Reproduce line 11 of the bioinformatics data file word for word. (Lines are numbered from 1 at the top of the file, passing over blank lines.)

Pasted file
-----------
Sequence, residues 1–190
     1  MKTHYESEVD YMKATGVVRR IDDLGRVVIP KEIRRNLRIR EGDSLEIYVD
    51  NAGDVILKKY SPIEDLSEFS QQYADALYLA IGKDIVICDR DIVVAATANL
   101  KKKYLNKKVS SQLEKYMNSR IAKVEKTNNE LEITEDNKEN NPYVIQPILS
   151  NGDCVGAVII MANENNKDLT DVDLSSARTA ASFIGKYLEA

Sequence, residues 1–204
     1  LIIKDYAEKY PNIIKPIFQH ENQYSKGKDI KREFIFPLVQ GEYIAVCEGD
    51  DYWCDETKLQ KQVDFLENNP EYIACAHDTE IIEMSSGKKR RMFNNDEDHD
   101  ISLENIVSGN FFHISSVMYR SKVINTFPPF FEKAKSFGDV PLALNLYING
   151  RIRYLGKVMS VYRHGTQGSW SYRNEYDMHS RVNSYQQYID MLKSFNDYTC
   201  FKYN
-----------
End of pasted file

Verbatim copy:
   201  FKYN